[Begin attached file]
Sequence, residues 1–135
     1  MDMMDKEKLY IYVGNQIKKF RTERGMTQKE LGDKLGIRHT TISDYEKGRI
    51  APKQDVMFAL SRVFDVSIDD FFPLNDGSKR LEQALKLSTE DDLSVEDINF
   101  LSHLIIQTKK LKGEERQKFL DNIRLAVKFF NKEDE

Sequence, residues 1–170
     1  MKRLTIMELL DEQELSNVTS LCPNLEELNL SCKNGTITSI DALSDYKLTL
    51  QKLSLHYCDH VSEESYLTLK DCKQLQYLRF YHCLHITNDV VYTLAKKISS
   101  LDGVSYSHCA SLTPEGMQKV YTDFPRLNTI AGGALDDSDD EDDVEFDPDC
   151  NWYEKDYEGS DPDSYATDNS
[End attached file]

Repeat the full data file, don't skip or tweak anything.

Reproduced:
Sequence, residues 1–135
     1  MDMMDKEKLY IYVGNQIKKF RTERGMTQKE LGDKLGIRHT TISDYEKGRI
    51  APKQDVMFAL SRVFDVSIDD FFPLNDGSKR LEQALKLSTE DDLSVEDINF
   101  LSHLIIQTKK LKGEERQKFL DNIRLAVKFF NKEDE

Sequence, residues 1–170
     1  MKRLTIMELL DEQELSNVTS LCPNLEELNL SCKNGTITSI DALSDYKLTL
    51  QKLSLHYCDH VSEESYLTLK DCKQLQYLRF YHCLHITNDV VYTLAKKISS
   101  LDGVSYSHCA SLTPEGMQKV YTDFPRLNTI AGGALDDSDD EDDVEFDPDC
   151  NWYEKDYEGS DPDSYATDNS